Ever since I’ve started my site, I’ve blogged about situations where, in my view,
judges have gone way over the line in sanctioning attorneys for conduct, such as sending a lawyer to jail for refusing to apologize or showing up late for a hearing. But typically, these sanctions have issued against solo and small firm attorneys.
But outrageous judicial conduct isn’t any less outrageous when it’s directed against our biglaw colleagues. And that’s why the scenario described in this,
Lawyer’s ‘Super-Size’ Gaffe Costs Him Client and Possibly Right to Practice Before Fla. Court (law.com 5/31/07) really ticked me off. According to the article, William Smith, a partner at large, Chicago based law firm of McDermott, Will & Emery commented to Judge Laurel Myerson Isicoff during a hearing Bankruptcy Court for the Southern District of Florida that “with all due respect, you’re a few french fries short of a Happy Meal.” The relevant portions of the transcript, available here at David Lat’s Above the Law show that the judge didn’t say anything other than “proceed counsel” at the hearing. But subsequently, issued a Show Cause order asking Smith to demonstrate why his pro hac vice status shouldn’t be revoked in light of his remarks. The judge also denied Smith’s motion, and Smith’s client has since replaced him with a local firm.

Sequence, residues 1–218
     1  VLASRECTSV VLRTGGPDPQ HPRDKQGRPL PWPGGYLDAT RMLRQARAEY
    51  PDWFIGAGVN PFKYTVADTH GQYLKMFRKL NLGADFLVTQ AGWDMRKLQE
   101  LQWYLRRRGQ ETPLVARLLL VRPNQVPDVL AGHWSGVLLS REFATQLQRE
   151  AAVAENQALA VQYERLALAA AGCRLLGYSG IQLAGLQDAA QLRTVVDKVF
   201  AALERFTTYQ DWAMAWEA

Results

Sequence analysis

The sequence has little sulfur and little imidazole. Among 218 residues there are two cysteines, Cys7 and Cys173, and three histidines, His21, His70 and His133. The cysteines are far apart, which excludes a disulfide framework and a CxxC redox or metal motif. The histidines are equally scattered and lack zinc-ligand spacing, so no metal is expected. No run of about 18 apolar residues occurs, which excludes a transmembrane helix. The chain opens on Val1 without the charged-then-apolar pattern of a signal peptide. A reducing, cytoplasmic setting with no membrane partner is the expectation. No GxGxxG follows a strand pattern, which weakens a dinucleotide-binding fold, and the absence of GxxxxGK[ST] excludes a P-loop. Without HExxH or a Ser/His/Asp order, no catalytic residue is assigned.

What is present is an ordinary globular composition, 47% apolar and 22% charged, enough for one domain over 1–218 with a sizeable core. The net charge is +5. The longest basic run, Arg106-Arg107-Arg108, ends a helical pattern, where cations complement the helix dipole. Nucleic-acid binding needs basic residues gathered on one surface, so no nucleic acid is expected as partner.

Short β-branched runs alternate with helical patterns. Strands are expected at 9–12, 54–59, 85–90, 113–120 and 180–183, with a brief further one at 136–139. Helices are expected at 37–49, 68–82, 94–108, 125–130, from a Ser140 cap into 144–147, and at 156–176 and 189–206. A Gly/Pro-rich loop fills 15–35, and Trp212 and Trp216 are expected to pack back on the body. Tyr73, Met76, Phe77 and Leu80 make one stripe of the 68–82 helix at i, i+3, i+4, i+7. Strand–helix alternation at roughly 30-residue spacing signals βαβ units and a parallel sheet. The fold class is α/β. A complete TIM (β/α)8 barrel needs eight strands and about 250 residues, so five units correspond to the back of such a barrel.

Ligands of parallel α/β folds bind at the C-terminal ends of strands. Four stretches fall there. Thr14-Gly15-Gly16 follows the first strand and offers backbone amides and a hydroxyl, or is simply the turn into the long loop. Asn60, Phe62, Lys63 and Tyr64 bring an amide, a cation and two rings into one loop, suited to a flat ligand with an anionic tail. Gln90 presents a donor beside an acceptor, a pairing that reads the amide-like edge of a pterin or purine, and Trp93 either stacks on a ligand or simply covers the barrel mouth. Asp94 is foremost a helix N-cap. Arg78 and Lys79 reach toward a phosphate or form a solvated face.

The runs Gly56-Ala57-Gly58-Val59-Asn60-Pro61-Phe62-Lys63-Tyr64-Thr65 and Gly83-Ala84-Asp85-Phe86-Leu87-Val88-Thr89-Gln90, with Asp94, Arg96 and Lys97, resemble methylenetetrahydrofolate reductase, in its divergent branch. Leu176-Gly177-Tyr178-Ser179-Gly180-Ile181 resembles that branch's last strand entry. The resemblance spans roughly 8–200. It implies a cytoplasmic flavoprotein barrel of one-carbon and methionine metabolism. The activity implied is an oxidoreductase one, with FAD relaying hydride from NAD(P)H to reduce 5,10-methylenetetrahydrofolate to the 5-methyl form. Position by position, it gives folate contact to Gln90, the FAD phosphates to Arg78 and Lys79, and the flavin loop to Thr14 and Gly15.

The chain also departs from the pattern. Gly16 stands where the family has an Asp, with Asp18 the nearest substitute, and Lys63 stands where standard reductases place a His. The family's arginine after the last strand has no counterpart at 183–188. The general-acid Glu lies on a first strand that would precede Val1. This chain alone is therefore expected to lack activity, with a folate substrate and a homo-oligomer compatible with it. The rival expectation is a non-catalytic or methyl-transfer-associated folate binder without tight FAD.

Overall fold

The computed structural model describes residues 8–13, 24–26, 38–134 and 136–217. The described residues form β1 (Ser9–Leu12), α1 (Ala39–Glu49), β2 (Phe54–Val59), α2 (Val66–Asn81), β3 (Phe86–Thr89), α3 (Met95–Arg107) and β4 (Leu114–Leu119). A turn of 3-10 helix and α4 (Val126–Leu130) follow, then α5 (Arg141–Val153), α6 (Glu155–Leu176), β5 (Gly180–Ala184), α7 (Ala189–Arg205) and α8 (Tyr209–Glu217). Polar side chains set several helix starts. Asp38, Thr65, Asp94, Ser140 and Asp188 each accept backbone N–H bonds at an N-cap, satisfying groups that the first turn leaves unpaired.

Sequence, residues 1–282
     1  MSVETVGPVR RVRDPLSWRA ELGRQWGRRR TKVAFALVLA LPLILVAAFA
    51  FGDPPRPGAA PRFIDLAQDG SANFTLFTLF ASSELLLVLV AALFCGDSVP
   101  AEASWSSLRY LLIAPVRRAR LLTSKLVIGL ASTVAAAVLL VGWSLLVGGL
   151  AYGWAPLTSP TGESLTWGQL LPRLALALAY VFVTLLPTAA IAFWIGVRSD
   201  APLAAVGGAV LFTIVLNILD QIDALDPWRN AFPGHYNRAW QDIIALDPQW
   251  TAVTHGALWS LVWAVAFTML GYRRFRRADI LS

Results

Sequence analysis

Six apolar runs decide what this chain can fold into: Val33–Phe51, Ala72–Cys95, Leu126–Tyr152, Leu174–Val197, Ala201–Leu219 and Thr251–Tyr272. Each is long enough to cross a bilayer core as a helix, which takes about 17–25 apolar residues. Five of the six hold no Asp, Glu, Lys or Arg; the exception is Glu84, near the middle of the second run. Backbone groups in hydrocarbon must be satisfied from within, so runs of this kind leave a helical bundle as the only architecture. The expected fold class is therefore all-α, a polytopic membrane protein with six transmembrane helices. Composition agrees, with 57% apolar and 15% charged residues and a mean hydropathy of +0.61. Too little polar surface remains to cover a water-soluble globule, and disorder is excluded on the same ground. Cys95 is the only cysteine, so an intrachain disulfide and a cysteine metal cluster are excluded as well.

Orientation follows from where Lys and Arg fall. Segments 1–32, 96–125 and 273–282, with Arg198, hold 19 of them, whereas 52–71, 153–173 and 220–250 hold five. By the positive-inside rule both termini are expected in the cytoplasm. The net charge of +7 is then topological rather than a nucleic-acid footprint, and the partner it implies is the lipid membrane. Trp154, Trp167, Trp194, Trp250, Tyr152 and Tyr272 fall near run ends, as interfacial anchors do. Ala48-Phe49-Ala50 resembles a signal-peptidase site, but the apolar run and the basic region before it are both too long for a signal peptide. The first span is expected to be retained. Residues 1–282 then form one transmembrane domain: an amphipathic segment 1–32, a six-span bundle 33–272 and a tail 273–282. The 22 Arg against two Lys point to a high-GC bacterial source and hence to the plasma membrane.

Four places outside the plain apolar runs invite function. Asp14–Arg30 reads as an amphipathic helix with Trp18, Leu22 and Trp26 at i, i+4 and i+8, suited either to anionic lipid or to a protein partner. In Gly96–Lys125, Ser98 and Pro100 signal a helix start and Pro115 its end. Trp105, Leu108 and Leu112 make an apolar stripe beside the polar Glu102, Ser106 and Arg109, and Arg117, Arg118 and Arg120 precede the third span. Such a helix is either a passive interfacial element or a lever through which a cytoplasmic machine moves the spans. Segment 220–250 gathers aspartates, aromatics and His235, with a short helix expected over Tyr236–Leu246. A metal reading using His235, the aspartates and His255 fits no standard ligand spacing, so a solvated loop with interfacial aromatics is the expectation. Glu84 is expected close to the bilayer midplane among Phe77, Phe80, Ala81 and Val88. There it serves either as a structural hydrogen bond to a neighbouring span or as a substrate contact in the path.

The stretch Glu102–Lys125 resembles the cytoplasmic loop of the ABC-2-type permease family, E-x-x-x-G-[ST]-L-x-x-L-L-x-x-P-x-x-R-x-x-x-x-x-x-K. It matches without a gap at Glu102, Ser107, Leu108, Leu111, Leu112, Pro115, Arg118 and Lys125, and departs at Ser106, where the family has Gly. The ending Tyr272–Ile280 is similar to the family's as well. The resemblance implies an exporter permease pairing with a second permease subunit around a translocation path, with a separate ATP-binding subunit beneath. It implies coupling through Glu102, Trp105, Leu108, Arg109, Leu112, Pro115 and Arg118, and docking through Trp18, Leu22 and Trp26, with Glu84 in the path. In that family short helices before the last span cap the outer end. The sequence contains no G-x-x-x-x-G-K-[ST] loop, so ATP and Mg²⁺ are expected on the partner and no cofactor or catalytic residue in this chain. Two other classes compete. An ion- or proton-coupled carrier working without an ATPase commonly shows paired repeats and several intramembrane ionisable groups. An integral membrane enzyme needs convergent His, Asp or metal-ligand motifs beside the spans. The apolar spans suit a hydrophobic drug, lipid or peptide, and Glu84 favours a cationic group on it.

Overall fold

The judge’s decision is wrong on so many levels that I can’t even begin. First, if she was offended by the comment at the hearing, she should have said so right away and given the attorney a chance to apologize. To me, this smacks of a set up. Second, quite frankly, this is overkill. Requiring a lawyer to respond to a show cause order and convening a hearing uses time and resources. Why couldn’t the judge simply have slapped the lawyer with a monetary sanction right on the spot? At least, it would have ended the matter. Third, did the judge really need to copy every other judge on the bench with the show cause order? To me, that’s simply vindictive. After all, many judges may have taken the remark in stride or come back with a snappy quip from the bench in response.
I also question the judge’s motives. I wonder whether she’d have reacted the same way had a local attorney rather than one from an out of state, biglaw firm made the same remark. And as a result of her action, the client did channel its case to a local firm. As a solo, that should give me pleasure (since I often serve as local counsel), but it doesn’t. If I get business, I want to win it fair and square – not because local judges are mistreating out of state counsel.